Definition of Exemplum
Exemplum is a rhetorical tool that is defined as a brief tale, narrative, or anecdote used in literary pieces and speeches to explain a doctrine, or emphasize a moral factor. They are usually in the sorts of legends, folktales, and fables.

An exemplum clarifies and proves a factor. The satisfactory examples of exemplum are discovered in memories of medieval times, which includes The Two City Dwellers and the Country Man, The King and His Wife, and The Cursed Dancers of Colbeck.

Characteristics of Exemplum
The plural shape of exemplum, additionally called “exemplification,” is “exempla.” Its situation matters are commonly based on folktales, legends, fables, and real life history; in which a moral factor is raised by means of emphasizing the best or awful traits of a character. The moral teaching in exemplum comes at the beginning, at the same time as a parable may have it at the end.

Types of Exemplum
Aristotle has divided exemplum into categories:

Real Exemplum – This is from mythology or real history.
Fictional Exemplum – These are from invented data expressed within the form of parables, fables, and brief comparisons.
Examples of Exemplum in Literature
Example #1: The Canterbury Tales (By Geoffrey Chaucer)
“A FRERE ther become, a wantown and a merye,
A limitour, a ful solempne guy.
In alle the ordres foure is noon that can
So muche of daliaunce and truthful langage.
He hadde maad ful many a mariage
Of yonge wommen, at his owne cost …
As doon the sterres inside the frosty night.
This worth limitour become cleped Huberd.”

This story is an instantaneous attack on the corruption within the Catholic Church throughout the 14th century in Europe. Two of the characters, “The Summoner” and “The Friar,” are criticized severely because of their evil acts and their greed. The exemplum is people who interact themselves in greed and extortion may be thrown into hell.

Example #2: Democracy (By Joan Didion)
“In Flaundres whylom become a companye
Of yonge folk, that haunteden folye,
As ryot, hasard, stewes, and tavernes,
Wher-as, with harpes, lutes, and giternes …

O cursed sinne, ful of cursednesse!
Thou blasphemour of Crist with vileinye
And with his precious herte-blood thee boghte,
Thou art so fals and so unkinde, allas!”

This is the Pardoners Tale from Chaucer’s The Canterbury Tales. It is a number of the exemplum examples that speak about how greed can ruin everything, and that it's far the motive of all evil. In this tale, no one got to claim the most coveted treasure, since the characters concerned ended up killing every other.

Example #3: Parallel Lives (By Plutarch)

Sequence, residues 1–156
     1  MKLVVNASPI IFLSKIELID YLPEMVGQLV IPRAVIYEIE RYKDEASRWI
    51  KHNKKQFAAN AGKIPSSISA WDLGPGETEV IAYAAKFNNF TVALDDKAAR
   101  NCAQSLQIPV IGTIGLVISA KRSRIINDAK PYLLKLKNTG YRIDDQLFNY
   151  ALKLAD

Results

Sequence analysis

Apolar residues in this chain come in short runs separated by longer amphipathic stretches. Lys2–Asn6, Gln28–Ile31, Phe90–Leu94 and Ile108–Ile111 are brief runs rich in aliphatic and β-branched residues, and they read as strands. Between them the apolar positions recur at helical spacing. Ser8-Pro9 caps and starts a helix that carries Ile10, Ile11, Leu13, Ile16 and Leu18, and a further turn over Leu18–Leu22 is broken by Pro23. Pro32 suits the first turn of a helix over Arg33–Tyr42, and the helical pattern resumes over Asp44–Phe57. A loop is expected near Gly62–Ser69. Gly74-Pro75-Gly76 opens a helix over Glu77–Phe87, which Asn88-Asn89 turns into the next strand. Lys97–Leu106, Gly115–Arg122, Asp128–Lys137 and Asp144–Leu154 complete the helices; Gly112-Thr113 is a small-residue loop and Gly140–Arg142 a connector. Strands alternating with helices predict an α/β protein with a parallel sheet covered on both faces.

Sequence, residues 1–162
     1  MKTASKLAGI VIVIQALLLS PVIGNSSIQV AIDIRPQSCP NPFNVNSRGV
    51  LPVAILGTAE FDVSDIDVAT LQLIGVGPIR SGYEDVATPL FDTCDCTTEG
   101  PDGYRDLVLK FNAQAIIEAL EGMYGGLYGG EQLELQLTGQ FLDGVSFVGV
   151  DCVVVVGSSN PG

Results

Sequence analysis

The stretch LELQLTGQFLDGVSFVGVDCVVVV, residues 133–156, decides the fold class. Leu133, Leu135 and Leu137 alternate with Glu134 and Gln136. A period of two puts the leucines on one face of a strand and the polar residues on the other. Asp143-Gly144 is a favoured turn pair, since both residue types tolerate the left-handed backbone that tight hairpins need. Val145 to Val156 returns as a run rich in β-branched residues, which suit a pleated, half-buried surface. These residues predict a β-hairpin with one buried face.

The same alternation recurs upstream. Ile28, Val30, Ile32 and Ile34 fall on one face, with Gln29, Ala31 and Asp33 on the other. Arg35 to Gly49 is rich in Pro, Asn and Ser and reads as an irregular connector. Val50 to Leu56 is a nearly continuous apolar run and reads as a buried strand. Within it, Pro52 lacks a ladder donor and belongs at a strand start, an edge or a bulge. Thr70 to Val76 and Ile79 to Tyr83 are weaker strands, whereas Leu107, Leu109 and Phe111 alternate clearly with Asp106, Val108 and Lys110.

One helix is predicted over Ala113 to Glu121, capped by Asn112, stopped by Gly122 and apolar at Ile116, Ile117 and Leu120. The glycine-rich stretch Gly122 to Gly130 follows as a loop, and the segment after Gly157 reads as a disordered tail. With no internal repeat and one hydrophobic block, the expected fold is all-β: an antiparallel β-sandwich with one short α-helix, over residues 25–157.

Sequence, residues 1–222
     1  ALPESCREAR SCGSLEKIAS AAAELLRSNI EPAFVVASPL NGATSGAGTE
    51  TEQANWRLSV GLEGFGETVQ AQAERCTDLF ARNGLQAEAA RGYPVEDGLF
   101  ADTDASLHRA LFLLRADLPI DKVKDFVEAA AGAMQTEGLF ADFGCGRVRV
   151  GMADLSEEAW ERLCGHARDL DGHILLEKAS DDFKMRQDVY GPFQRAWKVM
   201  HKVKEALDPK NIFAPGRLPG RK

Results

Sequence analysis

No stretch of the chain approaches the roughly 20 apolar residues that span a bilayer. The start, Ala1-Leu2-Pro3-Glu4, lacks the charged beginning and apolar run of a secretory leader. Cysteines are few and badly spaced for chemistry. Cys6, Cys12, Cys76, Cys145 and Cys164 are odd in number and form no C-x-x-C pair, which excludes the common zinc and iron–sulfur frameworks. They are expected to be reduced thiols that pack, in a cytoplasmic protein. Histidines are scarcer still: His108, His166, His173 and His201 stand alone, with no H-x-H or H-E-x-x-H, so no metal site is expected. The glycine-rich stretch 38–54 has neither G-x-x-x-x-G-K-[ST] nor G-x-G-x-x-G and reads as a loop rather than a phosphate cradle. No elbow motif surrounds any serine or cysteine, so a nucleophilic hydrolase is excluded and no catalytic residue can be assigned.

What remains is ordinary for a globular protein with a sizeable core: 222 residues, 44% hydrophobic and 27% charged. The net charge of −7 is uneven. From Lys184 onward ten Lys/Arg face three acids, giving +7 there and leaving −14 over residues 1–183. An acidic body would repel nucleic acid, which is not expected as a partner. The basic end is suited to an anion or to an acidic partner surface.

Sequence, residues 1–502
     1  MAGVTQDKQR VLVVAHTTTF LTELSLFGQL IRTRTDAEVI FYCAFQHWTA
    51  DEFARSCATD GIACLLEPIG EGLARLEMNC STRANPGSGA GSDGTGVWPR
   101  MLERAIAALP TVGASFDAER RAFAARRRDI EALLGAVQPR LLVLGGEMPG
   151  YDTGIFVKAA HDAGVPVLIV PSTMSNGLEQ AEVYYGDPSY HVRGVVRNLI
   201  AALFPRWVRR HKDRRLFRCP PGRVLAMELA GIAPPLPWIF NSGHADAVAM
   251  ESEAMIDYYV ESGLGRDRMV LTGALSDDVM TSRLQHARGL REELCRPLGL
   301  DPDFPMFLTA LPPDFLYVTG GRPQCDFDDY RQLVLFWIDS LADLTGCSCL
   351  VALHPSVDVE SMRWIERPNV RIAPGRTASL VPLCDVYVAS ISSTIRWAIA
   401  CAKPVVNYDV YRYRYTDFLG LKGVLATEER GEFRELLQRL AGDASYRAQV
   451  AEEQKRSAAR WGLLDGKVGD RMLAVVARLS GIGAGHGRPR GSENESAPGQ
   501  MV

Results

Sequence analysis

“It being my purpose to put in writing the lives of Alexander the king, and of Cesar, by means of whom Pompey was destroyed, the multitude of their outstanding actions provides so large a field that I have been to blame … When as soon as Alexander had given way to fears of notable herbal influence, his mind grew so disturbed and so effortlessly alarmed … But a diseased dependancy of body, brought about with the aid of capsules which Olympias gave him, had ruined not best his health, however his understanding.”

The excerpt is set an exemplum of the legendary Alexander the Great. The moral factor of this narrative is that an character can trade a person’s, as properly as an entire nation’s, destiny. Plutarch suggests how, in history, characters like Alexander the Great have formed the destinies of states and individuals.

Example #4: The Legend of Cleopatra (By Geoffrey Chaucer)
“After the loss of life of Ptolemy the king,
Who of all Egypt had the governing,
There reigned his queen, Cleopatra;
And, reality to tell, Antonius become his name …
Now, where to find a guy as reliable,
Who will for love his death so freely take,
I pray God may in no way our heads so ache!”

This tale is set Cleopatra, and how many wicked guys betrayed her.

Function of Exemplum
Exemplum is one of the maximum extensively used rhetorical devices in written works and oratory. Initially, it turned into employed by using preachers in Christian homiletic writings, and memories in their sermons to guide audiences. Preachers used historical figures as desirable and awful examples to be able to encourage listeners to do desirable deeds and keep away from committing sin. Moreover, it's far used as a basic technique of argument and employed in ordinary existence.
Exaggeration Existentialism